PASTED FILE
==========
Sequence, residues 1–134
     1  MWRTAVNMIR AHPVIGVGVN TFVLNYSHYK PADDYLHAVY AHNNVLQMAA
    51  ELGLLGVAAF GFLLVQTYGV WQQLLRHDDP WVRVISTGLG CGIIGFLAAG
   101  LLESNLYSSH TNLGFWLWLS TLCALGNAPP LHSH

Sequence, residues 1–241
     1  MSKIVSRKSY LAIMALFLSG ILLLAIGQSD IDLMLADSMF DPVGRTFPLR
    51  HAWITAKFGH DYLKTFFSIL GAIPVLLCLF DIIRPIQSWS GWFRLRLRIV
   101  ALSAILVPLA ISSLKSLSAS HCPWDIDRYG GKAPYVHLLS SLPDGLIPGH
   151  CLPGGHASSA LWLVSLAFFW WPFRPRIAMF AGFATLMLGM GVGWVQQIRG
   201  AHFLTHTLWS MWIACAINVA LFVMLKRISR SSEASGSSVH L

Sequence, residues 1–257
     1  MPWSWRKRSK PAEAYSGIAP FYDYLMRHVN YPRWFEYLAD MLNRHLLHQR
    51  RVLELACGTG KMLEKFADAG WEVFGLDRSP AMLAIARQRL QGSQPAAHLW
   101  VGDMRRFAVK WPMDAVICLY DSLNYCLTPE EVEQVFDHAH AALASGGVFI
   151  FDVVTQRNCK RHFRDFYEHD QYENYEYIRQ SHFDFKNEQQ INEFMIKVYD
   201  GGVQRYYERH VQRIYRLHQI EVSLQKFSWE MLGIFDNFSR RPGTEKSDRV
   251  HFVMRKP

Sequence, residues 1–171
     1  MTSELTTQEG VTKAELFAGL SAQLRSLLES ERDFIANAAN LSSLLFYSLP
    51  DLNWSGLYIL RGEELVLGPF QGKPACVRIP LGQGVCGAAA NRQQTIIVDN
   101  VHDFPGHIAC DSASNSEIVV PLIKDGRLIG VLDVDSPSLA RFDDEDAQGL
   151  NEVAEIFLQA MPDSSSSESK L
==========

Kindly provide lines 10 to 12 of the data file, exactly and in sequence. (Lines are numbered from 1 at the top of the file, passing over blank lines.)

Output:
   201  AHFLTHTLWS MWIACAINVA LFVMLKRISR SSEASGSSVH L

Sequence, residues 1–257
     1  MPWSWRKRSK PAEAYSGIAP FYDYLMRHVN YPRWFEYLAD MLNRHLLHQR